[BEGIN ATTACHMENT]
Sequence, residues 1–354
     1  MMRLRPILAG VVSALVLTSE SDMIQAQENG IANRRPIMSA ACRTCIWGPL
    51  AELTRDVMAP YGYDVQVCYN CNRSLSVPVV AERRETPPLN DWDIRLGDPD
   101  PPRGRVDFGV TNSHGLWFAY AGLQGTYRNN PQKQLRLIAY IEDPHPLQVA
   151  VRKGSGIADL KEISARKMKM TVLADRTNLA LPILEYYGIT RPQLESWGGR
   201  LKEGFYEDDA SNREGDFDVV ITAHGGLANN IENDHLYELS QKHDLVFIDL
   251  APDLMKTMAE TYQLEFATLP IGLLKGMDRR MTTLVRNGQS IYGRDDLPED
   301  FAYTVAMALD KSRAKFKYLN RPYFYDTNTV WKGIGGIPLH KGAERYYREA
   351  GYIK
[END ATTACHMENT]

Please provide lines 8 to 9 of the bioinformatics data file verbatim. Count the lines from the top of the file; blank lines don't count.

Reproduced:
   301  FAYTVAMALD KSRAKFKYLN RPYFYDTNTV WKGIGGIPLH KGAERYYREA
   351  GYIK